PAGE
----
Ozone is by far the most detrimental pollutant that can interfere with preserving museum items. It is nature’s oxidizer and it is capable of breaking down rubber, plastic, wood and paint.   In the museum environment, it can lead to the fading of organic artists’ pigments and textile dyes that are present in paintings, tapestries and historically important clothing exhibits.

Ambient outdoor air pollution, introduced into museums by ventilation air and building leakage, includes the various pollutants emitted by the combustion of fossil fuels. These air pollutants are compounds such as sulfur dioxide and nitrogen oxide. Sulfur dioxide comes primarily from the combustion of fossil fuels in industrial facilities and power plants, as levels of sulfur in fuel for vehicles have dropped dramatically over the past few decades. Sulfur dioxide is a colorless gas with a strong odor and it can contribute to the development of smog and acid rain. Nitrogen oxides are different nitrogen-based pollutants that can also contribute to smog and acid rain. Nitrogen oxides are released by fossil fuel combustion in cars, power plants and industrial facilities.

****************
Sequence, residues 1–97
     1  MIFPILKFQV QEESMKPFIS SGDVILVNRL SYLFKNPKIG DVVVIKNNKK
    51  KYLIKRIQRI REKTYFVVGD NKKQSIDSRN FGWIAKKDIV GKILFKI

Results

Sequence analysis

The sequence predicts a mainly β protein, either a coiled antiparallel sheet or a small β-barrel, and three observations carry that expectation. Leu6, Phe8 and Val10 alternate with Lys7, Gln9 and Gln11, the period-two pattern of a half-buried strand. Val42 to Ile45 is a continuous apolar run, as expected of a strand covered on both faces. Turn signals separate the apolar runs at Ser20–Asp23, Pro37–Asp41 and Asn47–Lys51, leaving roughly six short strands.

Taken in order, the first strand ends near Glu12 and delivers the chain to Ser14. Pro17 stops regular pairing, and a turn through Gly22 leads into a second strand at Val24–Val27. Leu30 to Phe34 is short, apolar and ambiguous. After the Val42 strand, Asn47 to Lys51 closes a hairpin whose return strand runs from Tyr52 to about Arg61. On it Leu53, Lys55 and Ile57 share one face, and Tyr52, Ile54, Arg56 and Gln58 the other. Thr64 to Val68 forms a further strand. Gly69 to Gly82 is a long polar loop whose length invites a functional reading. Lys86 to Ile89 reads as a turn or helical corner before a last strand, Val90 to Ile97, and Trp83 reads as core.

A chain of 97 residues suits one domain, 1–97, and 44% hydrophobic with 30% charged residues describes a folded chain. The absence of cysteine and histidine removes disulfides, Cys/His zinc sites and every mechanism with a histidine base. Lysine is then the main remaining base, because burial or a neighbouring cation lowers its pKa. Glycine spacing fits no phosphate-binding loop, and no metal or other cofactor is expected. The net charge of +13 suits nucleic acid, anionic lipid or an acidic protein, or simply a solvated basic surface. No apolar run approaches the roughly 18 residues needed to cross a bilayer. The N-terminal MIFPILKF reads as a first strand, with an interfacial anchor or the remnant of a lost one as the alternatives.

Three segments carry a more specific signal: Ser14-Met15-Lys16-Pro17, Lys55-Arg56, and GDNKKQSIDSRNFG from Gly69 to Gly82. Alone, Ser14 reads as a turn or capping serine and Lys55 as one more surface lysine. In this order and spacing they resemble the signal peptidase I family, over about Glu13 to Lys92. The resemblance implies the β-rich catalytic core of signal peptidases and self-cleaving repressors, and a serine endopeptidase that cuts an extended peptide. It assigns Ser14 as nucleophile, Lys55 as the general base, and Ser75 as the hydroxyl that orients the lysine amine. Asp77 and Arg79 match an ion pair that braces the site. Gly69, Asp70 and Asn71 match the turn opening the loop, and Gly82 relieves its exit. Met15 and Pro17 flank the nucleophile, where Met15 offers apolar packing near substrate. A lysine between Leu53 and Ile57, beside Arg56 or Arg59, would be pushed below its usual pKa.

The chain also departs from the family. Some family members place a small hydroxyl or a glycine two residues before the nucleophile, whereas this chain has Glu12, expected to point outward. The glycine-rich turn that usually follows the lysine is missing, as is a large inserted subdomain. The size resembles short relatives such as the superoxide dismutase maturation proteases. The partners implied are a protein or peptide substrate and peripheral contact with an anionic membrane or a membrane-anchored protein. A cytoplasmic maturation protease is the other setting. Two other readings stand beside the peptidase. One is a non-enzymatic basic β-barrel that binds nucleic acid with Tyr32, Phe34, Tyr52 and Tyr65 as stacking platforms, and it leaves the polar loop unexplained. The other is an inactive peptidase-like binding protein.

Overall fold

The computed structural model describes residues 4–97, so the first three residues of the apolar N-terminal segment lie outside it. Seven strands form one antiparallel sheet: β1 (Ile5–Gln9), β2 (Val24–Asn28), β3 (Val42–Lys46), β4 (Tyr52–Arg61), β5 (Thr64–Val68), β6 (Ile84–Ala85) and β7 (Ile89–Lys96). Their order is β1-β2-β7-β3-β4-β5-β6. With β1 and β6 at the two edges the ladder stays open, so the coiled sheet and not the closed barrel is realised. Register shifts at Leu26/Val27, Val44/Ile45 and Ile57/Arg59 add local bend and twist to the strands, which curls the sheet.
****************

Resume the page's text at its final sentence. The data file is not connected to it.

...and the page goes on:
“Common indoor air pollutants that can damage exhibits and collections include formaldehyde, hydrogen sulfide, ozone, and other volatile organic compounds. Volatile organic compounds (VOCs) are a category of air pollutants that can react with other pollutants in the air to form dangerous and toxic chemical compounds,” said Camfil’s Charlie Seyffer, Manager of Marketing & Technical Materials and 37-year ASHRAE member and active committee participant. “Some VOCs can react with heat and sunlight to create ground-level ozone. Unlike ozone in the upper atmosphere, ground-level ozone is a dangerous air pollutant. VOCs can be released by many different sources including cleaning chemicals, paints, and varnishes.” (1)